http://ttlg.com/articles/lgsclosing.asp

  11. Pederson says:

    Not sure what to make of the Fitch rant. His piracy numbers seem inflated–I’m sure there piracy is a huge problem, but I can’t help but think that the PC is a shrinking market. Consoles are absurdly easier to deal with from the consumer end: you pop in the disc, and you play. (Well, they used to be: seems like all the current-gen consoles have a ten-ton dashboard in the middle of things, but it’s not a huge problem, either.)

    I’m not at all surprised by the imbalance between Bioshock’s sales on PC vs. console: console players didn’t have to worry about DRM, and were probably more wowed by a game that was, gameplay-wise, pretty pedestrian. (I bought and played it on PC, and was impressed, but not by the gameplay.)

    CoD4 bothers me a bit more, but I haven’t touched that one myself. Yet. Even then, I’m inclined to believe the numbers are still somewhat inflated. I wonder how the player bases for the PC and console versions compare. Shouldn’t be that hard to get a rough handle on the number of pirated copies are out there that represent actual lost revenue that way, too.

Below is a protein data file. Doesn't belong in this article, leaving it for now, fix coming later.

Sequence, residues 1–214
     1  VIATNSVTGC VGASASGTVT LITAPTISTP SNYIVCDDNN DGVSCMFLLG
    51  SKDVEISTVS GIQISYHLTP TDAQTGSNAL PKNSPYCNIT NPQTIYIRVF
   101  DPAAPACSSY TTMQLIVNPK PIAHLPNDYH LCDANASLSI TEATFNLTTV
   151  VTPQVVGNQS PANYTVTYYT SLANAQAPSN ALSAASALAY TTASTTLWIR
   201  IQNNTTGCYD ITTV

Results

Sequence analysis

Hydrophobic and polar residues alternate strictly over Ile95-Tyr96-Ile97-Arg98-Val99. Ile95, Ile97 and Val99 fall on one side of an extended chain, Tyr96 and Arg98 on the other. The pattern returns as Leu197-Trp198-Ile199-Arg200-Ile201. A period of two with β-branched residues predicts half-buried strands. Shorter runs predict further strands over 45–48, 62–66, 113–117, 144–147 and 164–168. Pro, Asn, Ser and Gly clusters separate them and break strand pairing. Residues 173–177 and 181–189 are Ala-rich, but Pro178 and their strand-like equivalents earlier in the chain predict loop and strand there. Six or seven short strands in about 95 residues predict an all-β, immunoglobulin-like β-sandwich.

12. Michael says:

    I just bought the Titan Quest games recently and was having fun with them (Diablo clone? Yes. Fun? Yes!) Of course, I mainly bought them because I thought the graphics were superb and as an artist in this industry, it’s good for me to take notice of such things and learn from them as applicable. But it did take me by surprise to hear of Iron Lore’s going belly up. Too bad. Some very talented people.

  13. Taellosse says:

    Yeah, I bought Titan Quest a few months back in a desperate attempt to find a playable game for my PC. It’s exactly what others are calling it–Diablo in Greece, only without a story that really has anything compelling about it. I played it for a week or two then lost interest.